Also found in: Dictionary, Thesaurus, Acronyms, Encyclopedia, Wikipedia.
After the stock market crash of 1987, stock and commodities exchanges established a system of trigger-point rules known as circuit breakers. They temporarily restrict trading in stocks, stock options, and stock index futures when prices fall too far, too fast.
Currently, trading on the New York Stock Exchange (NYSE) is halted when the Dow Jones Industrial Average (DJIA) drops 10% any time before 2:30 p.m., sooner if the drop is 20%.
But trading could resume, depending on the time of day the loss occurs. However, if the DJIA drops 30% at any point in the day, trading ends for the day.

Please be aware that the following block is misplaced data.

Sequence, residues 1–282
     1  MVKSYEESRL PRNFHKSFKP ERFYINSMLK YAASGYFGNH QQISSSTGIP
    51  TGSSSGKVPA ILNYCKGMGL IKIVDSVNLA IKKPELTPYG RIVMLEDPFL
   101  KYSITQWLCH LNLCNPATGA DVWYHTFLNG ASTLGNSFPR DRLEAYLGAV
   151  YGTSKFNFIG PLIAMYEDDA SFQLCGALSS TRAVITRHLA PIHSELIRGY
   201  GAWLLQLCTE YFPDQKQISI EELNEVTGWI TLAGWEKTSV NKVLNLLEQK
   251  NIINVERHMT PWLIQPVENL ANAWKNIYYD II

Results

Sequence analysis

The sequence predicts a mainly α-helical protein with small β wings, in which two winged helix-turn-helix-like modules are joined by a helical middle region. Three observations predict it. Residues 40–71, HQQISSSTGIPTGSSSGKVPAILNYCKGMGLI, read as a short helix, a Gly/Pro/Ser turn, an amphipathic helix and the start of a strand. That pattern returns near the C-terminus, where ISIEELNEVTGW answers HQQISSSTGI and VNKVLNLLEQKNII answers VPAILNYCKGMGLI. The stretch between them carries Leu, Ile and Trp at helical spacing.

The actual number of points the DJIA would need to drop to hit the trigger is set four times a year, at the end of each quarter, based on the average value of the DJIA in the previous month.
The only time the circuit breakers have been triggered was on October 27, 1997, when the DJIA fell 554 points, or 7.2%, and the shut-down level was lower. In fact, the DJIA has dropped as much as 10% in a single day only three times in its history.